Following on from the most recent Star Trek movie, Star Trek issue 1 is based on the original series first season episode Where No Man Has Gone Before, the show’s second pilot, which introduced Captain Kirk. In this version, following their battle with Nero, the newly minted Captain Kirk and the crew of the USS Enterprise have taken off on a mission to go beyond the known galaxy. However, when they reach the edge they discover the black box from the SS Valiant. The logs reveal that a disaster of unknown origin befell the Valiant and the ship self-destructed. Kirk and crew must figure out what happened to the Valiant without letting the Enterprise suffer the same mysterious fate.
If this new series means to continue as it has started here then it looks like readers are in for a select re-visiting of the classic stories from the original 1960s show. However, reading issue one, I found myself unable to decide whether this was an endearing tribute to the much-loved original show or a cheap trick designed to keep fans occupied in the lull between films while expending a minimum of creative effort. After all, do we really want to see the new versions of the original characters going through the motions in stories we’re already familiar with?
On the other hand, perhaps this is an opportunity to highlight the fact that, although the two timelines are similar, they are not the same and some events will unfold in different and unexpected ways. If the aim of this series is to put a new spin on old stories then it could prove very entertaining. I did note the absence of Elizabeth Dehner in this new version, an omission that would surely necessitate some fairly major plot deviations from the show, so perhaps Johnson does have some new twists and turns in store for readers after all.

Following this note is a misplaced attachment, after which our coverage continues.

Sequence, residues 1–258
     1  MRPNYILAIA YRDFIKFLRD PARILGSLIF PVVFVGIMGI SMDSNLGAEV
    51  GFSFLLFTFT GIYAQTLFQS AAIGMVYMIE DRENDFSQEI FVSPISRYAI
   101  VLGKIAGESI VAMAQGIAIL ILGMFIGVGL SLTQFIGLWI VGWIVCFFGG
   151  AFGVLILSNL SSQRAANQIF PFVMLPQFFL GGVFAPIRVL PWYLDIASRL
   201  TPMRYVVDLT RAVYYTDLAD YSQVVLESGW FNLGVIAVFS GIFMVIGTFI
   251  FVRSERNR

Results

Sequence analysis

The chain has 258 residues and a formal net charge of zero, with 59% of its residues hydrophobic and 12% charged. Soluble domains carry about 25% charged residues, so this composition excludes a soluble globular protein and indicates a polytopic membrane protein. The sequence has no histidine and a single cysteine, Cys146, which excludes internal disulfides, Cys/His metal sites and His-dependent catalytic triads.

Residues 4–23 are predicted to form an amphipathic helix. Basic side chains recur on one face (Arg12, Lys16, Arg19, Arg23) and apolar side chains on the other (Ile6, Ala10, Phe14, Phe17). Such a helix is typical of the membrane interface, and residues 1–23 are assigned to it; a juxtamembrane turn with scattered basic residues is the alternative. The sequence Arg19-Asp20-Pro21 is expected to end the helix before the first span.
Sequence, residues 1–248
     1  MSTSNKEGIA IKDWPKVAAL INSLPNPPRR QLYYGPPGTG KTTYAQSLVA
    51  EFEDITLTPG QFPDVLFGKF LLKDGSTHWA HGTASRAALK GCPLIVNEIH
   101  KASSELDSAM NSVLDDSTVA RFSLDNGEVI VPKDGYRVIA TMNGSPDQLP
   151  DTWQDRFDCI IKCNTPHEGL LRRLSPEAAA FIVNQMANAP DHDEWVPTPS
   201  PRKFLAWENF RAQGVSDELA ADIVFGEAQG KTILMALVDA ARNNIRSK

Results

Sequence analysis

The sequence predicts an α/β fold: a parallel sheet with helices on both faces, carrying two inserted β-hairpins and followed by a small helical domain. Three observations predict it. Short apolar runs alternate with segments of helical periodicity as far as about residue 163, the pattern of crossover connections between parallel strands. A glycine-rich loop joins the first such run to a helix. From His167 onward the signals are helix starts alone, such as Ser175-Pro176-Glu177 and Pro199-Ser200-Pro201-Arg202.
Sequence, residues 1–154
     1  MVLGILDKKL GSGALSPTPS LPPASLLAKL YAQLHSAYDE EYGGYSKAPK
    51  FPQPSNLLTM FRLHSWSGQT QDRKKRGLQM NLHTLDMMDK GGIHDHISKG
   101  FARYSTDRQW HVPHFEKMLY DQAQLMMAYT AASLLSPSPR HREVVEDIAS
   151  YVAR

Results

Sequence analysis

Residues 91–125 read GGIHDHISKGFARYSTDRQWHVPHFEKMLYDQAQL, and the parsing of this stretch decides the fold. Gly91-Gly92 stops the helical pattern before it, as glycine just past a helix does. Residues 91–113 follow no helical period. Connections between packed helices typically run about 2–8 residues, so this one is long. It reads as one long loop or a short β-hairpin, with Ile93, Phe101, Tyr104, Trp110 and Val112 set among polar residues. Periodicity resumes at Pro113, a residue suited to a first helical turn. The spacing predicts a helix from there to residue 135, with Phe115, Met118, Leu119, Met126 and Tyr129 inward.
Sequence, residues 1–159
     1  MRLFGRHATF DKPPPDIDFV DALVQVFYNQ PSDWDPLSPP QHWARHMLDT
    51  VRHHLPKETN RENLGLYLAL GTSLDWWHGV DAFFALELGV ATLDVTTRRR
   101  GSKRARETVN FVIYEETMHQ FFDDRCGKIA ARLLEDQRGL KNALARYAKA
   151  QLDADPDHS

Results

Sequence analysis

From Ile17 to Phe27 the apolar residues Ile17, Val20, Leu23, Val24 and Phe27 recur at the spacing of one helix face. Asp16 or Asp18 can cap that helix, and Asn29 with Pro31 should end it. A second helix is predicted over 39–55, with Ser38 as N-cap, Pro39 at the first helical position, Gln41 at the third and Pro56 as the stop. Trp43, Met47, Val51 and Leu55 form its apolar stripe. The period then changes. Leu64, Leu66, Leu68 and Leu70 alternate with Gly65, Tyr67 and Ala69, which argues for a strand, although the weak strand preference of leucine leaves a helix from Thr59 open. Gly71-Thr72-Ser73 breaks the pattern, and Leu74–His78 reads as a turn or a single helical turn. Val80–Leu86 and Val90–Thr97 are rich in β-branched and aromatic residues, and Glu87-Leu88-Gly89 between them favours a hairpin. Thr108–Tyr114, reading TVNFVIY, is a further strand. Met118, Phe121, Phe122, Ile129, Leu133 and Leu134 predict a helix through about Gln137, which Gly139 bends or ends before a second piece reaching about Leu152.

Those fans who were put off by the fact that a cadet straight out of the Academy was given command of a starship at the end of the 2009 movie might find that this first issue of Star Trek rubs salt in that wound. One of Kirk’s first acts as captain was apparently to bring aboard old Academy chums Kelso and Mitchell. I realise that the writers had to introduce Gary Mitchell to the story somehow but surely they could’ve thought of something better than Kirk recruiting his college buddies? The fact that we first meet Mitchell while he, Kirk and Kelso are playing three-dimensional chess in the rec room just serves to underscore how ridiculously young Kirk is to be in command of a starship.
Stephen Molnar does a great job of translating the actors into art. In particular he captures the distinctive body language of Kirk and Spock perfectly. The art in general is very good, the colours are rich and vibrant and the inking isn’t too heavy-handed. One element I particularly enjoyed was the use of special speech bubbles for intraship communication, I thought that was a nice touch. The über-shiny design of the bridge in the film unfortunately doesn’t come across as well in the comic book medium, there is a tendency for panels set on the bridge to lack depth with all that glittering glass in frame, but again Molnar has done a good job of it. My only real criticism of the art is that they can’t seem to decide what colour Scotty’s hair is: throughout the issue it varies from red to brown to black and back again.
There were some details in the interactions between characters that I found slightly off. The first was the fact that Kirk and Spock seem to already be on first name terms. Given that they have only just moved past an extended period of intense dislike of one another I thought that maybe this was a little premature. I also found it awkward the way the writers seemed to shoehorn a brief moment between Spock and Uhura into the story. It felt forced and unnecessary. We all know they’re a couple and we all know that this new Spock is more in touch with his human emotions that the original Spock; there’s no need to rub our noses in it.
Whether this series is really worth reading has yet to be seen and depends on how the familiar stories unfold. If Johnson brings some originality and fresh ideas into the mix then I think Star Trek could be a lot of fun but if it’s destined to be a blow-by-blow re-enactment of the television show then it will get dull very quickly. So far the first issue remains inconclusive, it has potential but only the next couple of issues can indicate where the series is really headed.
Verdict: This issue left me feeling fairly underwhelmed, I’ll give it the benefit of the doubt though and pick up a copy of the second issue next month. 5/10
Check out our review of issue 1 of the Star Trek / Legion of Superheroes crossover.
Written by: Mike Johnson
Art by: Stephen Molnar
Published by: IDW